What is Motif Contributing to When it Gathers Larger Significance Throughout a Text?

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istockphoto 1263027770 170667a
istockphoto 1263027770 170667a

The motif is a structural unit that orders the text of a narrative and helps the meaning to unfold over time. 

Every element of text that occurs more than once in close proximity within a certain amount of time can be called a motif. 

Although this definition provides an effective way to understand what motifs are, it doesn’t provide much insight as to how they function in narratives or how they contribute to meaning.

 In order to do so, one must move away from language and consider the narrative structure as an altogether different artistic medium – like music or theatre.

How do motifs work? They contribute significance through synchronicity – they occur repeatedly within similar contexts at certain points in the story and help create meaningful connections between meanings.

What can a motif contribute to, or become, when it gathers larger significance throughout a text?

Even when audiences aren’t consciously thinking about a narrative, motifs can guide their interpretation and give it specificity. 

In order to generate this contribution, a motif must be seen as more than its simple dictionary definition. This results in two types of contributions – cognitive and affective.

What is cognitive?

Cognitive meaning is the content of meaning that comes from the plot unfolding: something happening, a person acting or communicating, etc.

 So for example, the plot can be focused on Nora’s unwavering loyalty to her father’s memory or her origin story is explored through the use of folk music.

What is effective?

Affective meaning is the feeling a narrative generates. Something that’s sad can generate sadness or empathy, or a story that involves suspense might make one uncomfortable (in a good way!) or anxious. 

The plot itself doesn’t directly make one feel anything, but it can cause the reader to become more aware of things they’re feeling and notice patterns in their feelings relative to the plot.

 It creates generative flooding: many symbols influencing many emotions and vice versa.

 Affective meaning is often subconscious, because no matter how much we might consciously think about the plot, our subconscious will determine what affects us and why. 

In other words, the plot can influence us in a variety of ways, directly and subconsciously.

What is synchronicity?

Synchronicity is when motifs occur repeatedly within similar contexts at certain points in the story to create meaningful connections between meanings. 

For example, the repeated motif of Nora’s singing bird can help create feelings of familiarity and empathy as she sings her childhood song to Jim over and over again throughout the narrative.

 The repeated theme of white birds flying in circles starts to take on symbolic prominence as it becomes more meaningful as a symbol of her childhood.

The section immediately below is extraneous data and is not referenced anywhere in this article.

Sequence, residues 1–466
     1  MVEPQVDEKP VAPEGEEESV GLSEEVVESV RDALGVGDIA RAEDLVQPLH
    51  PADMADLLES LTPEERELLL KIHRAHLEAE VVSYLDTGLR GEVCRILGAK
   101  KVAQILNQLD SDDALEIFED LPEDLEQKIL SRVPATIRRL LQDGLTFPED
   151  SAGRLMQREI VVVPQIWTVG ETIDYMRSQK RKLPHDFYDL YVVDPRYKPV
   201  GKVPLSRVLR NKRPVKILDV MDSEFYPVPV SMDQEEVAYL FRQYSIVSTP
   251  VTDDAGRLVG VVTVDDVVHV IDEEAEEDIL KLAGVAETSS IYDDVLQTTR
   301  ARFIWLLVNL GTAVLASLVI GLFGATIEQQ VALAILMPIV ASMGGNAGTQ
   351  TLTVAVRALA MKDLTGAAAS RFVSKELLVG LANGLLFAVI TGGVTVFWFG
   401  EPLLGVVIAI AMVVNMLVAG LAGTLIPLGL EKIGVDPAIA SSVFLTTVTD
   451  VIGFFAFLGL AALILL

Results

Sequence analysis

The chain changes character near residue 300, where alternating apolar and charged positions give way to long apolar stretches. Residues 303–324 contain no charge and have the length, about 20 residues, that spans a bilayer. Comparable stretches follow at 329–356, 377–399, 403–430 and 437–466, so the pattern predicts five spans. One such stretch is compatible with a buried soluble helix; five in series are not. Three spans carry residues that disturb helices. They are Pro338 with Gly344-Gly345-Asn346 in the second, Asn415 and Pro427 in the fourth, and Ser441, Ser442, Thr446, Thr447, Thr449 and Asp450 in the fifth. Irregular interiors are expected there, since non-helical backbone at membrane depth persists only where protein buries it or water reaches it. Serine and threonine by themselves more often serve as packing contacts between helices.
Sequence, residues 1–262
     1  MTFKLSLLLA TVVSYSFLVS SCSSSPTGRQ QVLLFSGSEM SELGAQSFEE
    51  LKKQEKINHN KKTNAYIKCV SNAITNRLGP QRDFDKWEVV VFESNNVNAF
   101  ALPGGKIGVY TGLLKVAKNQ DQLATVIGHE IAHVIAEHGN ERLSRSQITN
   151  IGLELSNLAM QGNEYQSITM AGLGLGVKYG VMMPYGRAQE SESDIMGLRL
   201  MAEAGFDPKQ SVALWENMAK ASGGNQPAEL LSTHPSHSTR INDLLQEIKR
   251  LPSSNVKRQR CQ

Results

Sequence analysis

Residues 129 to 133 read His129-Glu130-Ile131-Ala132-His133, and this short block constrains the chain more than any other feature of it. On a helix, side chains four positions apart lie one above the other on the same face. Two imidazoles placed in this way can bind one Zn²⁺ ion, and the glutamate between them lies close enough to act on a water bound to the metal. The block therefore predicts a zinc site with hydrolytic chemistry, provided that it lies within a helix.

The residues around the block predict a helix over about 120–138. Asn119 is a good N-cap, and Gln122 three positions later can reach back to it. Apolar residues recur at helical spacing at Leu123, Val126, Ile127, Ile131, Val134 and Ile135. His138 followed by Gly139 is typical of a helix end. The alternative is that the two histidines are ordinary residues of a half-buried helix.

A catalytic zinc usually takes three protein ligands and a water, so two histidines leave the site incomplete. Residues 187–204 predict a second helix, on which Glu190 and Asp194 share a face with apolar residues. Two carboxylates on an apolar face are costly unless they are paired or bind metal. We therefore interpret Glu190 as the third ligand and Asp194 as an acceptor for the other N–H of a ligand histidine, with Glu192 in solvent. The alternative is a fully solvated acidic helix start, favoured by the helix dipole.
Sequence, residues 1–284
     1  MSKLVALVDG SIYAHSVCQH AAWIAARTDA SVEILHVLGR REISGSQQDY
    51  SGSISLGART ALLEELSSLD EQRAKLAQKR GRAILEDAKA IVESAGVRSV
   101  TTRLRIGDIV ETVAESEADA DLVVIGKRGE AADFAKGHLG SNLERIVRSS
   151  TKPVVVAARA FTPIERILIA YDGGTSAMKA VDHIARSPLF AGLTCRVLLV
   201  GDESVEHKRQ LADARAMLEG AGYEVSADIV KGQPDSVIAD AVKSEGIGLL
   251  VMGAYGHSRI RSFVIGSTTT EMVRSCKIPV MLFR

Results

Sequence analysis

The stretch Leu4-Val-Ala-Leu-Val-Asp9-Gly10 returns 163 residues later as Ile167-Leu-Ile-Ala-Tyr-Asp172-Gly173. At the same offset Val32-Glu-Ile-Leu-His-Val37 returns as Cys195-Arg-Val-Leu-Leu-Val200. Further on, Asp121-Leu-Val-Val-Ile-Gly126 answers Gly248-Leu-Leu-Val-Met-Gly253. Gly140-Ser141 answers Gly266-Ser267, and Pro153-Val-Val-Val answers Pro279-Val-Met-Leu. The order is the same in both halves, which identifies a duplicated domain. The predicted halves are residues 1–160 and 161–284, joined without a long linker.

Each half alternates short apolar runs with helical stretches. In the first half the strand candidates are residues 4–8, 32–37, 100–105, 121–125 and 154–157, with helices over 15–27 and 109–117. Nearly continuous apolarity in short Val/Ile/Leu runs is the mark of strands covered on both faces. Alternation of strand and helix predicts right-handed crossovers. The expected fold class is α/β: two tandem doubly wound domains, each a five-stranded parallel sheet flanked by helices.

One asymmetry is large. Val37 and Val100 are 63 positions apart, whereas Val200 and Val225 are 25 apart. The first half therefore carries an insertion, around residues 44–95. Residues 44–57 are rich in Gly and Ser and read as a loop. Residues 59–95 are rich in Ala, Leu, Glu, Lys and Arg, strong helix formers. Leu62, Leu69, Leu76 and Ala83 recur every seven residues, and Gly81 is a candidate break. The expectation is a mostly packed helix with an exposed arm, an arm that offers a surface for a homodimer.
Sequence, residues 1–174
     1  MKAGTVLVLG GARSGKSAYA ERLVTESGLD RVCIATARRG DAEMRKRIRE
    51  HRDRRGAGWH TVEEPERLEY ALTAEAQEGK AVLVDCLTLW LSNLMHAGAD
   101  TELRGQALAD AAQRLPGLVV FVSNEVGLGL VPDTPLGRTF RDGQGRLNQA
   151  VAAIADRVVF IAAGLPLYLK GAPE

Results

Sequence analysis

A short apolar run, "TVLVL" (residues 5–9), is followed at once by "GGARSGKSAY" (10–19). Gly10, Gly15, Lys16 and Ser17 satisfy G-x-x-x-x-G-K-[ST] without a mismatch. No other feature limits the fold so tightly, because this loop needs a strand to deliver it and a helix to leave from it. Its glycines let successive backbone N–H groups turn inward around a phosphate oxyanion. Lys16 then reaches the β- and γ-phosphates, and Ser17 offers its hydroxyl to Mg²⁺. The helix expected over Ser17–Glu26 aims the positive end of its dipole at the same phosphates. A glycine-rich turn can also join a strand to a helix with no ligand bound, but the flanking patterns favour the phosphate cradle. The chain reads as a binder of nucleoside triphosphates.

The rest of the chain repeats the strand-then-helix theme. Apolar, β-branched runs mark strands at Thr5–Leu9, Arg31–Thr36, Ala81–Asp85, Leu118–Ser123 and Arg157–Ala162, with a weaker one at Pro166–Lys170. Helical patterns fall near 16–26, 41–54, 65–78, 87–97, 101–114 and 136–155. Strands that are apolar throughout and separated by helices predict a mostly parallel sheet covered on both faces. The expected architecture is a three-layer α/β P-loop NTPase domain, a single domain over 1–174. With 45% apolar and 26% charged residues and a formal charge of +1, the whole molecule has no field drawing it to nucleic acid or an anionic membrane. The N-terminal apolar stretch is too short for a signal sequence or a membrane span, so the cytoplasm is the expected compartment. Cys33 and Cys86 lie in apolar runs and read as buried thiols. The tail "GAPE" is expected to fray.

At certain points within the text, these motifs land on specific issues that require an even greater sense of meaning and weight to be processed by an audience.

Synchronicity can happen when things happen that are similar to one another, like Jim’s arms reaching out of the window as he shouts above the bird and Nora’s father beckons from beneath them.

Synchronicity can also happen when a motif is more than just the meaning it provides – it can become part of the story through its symbolism, for example, because of how prevalent white birds are around Nora’s childhood home.

What are some examples of motifs playing roles in synchronicity?

At the beginning of the book, Jim’s song seems largely unimportant because it isn’t widespread throughout the text. 

However later we learn that Nora wrote it for him to sing years ago because she loved him. 

Also, Nora only chooses to sing it once in front of Jim during their first reunion after she leaves home. 

This suggests that her love for him is part of her origin story and also something that may have started fading away but came back together as a symbol in a significant moment between them.

Another example is the motif of Nora’s father’s ghost. This motif starts to become more significant when she sees it as a way to communicate with her father. 

The true meaning of the ghost appears later on when Nora realizes that she can’t communicate with him at all, and that he only listens to her sing, a moment where they don’t communicate directly but they both hear each other’s voices.

What is a generative story?

Generative stories are complex and meaningful narratives that have many different parts (i.e. motifs) contributing to them over time. 

These narratives use motifs to progress the plot, creating meaning, and establish a community of reflection that forms so that audiences can become more aware of themselves, their lives and their feelings.

How can this be used as a tool or in criticism? What are some ways it could be used as a tool for analysis?

The way one uses these techniques varies – it all depends on the critic and their interests. 

Some critics will use them for an artistic analysis to express preferences about works of art, where others might use these techniques to analyze texts (e.g., novels) for the purpose of better understanding people and situations in the world today.

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